Regularly giving your dog anti-flea and tick treatments and deworming go a long way toward lowering the risk that your buddy will develop a skin condition related to a parasite infestation.

Image Credit: Rattiya Thongdumhyu, Shutterstock

4. Allergies

Allergies often cause itchy skin in dogs, and sometimes that sensitive skin is located close to pets’ behinds. Dogs can have itchy skin because of food, environmental, or contact allergies3. Long-term treatment usually involves identifying triggers and then avoiding them.

Food allergies often require a fair bit of effort to diagnose accurately. Most canine food allergies are related to proteins, like chicken and beef. Pets with allergies often require special novel protein diets featuring ingredients they haven’t eaten before.

Dogs can also develop itchy skin due to environmental triggers like pollen or mites. Pets with sensitivities to mites often benefit from frequent vacuuming to minimize their exposure to triggers.

5. Razor Burn

Some dogs lick their butts after a trip to the grooming salon, particularly after haircuts and shaves. Close shaves can result in canine razor burn. Sanitary cuts, in which the hair around a dog’s private parts is removed, can sometimes result in tenderness. Dogs often lick these sorts of irritated areas to get relief. Common signs include red, irritated skin and sometimes small bumps.

Most signs show up relatively quickly after grooming. Similar signs can also be caused by over-enthusiastic brushing of the same spot, which can easily occur during attempts to remove mats and tangles.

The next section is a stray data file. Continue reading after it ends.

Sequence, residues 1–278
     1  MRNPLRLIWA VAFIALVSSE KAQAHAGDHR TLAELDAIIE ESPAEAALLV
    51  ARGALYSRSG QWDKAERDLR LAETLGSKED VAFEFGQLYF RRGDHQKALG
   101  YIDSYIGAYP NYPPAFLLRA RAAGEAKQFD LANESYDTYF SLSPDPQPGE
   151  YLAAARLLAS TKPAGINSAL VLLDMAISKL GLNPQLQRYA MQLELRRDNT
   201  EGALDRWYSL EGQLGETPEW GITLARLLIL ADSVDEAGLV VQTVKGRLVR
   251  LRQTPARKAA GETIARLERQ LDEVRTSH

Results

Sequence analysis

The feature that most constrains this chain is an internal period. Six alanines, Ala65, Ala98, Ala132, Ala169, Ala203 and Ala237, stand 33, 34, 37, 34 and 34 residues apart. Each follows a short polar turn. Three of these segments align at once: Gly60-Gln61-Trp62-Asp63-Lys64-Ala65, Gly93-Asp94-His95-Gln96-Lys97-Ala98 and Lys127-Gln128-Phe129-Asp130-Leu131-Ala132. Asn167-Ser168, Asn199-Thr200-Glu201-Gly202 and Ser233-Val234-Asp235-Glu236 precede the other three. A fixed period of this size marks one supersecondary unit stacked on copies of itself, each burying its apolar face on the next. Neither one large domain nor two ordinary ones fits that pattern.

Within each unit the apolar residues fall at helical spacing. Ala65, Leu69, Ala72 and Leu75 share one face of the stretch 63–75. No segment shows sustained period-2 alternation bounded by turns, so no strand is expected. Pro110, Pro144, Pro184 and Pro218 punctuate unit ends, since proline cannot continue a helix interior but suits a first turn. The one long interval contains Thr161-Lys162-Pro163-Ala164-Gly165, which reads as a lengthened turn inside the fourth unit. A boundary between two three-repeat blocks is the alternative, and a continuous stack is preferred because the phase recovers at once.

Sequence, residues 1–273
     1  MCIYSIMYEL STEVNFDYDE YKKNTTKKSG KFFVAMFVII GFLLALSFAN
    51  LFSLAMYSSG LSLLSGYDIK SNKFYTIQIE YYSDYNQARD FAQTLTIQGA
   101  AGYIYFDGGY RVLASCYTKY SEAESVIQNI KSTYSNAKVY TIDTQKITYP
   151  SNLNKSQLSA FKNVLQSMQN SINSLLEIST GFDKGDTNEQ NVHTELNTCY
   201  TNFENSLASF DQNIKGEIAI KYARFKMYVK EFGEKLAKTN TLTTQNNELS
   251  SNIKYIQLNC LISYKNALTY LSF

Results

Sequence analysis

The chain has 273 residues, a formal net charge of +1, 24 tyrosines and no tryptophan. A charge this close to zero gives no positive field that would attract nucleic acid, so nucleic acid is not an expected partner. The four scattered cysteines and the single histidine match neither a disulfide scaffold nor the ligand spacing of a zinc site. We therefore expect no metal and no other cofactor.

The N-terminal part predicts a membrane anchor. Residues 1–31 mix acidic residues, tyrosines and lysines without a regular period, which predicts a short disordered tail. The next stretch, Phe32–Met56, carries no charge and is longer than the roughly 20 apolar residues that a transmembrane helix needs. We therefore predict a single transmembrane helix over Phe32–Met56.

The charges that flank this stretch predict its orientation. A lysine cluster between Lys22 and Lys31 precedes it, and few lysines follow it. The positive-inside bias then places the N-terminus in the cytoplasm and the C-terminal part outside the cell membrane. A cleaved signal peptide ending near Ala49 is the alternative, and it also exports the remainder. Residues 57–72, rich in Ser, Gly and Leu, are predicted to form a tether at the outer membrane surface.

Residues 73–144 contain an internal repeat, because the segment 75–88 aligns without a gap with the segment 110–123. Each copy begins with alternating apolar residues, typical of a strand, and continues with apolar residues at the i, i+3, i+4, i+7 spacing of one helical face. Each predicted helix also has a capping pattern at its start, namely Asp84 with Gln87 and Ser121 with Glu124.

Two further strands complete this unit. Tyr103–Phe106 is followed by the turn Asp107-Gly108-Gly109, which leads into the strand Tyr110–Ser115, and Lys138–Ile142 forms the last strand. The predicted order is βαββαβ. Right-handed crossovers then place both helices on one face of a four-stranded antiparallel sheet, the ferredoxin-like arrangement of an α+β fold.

Regular brushing usually helps keep dogs’ coats reasonably neat. Colloidal oatmeal can soothe irritated spots, but avoid using it on broken skin. Spot treatments often work well for dogs that don’t enjoy baths.

Pet groomer shaving dog with electric shaver machine
Image Credit: hurricanehank, Shutterstock

6. Chemical Irritations

Products like laundry detergent, carpet cleaners, and even pet shampoo that come directly into contact with the skin can also cause rashes and itchy skin in some dogs.


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When to Contact a Veterinarian

Problematic licking is often accompanied by other signs, such as scooting and biting. It often takes place outside of regular bath times. Reach out to your veterinarian sooner rather than later if you see your pet licking, biting, or scooting, as early intervention often prevents pets’ delicate skin from becoming infected. Common signs of infection include vomiting, diarrhea, weight loss, and lethargy. Contact your pet’s veterinarian immediately if you suspect your pet has a skin infection.

a veterinarian holding a white dog
Image Credit: Viktor Gladkov, Shutterstock

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Final Thoughts

There are many reasons why your dog may be licking their butt a lot, from enthusiastic grooming to parasites. If your dog licks their butt as a regular part of getting clean, there’s probably nothing to worry about. Consider taking a look, however, if your pet suddenly starts spending more time getting its bottom clean or if you see them licking, biting, or scooting. Identifying and treating the cause of the itching quickly may lower the chance of your pet irritating its skin to the point of developing a secondary infection.


Featured Image Credit: Jiramath Noomuan, Shutterstock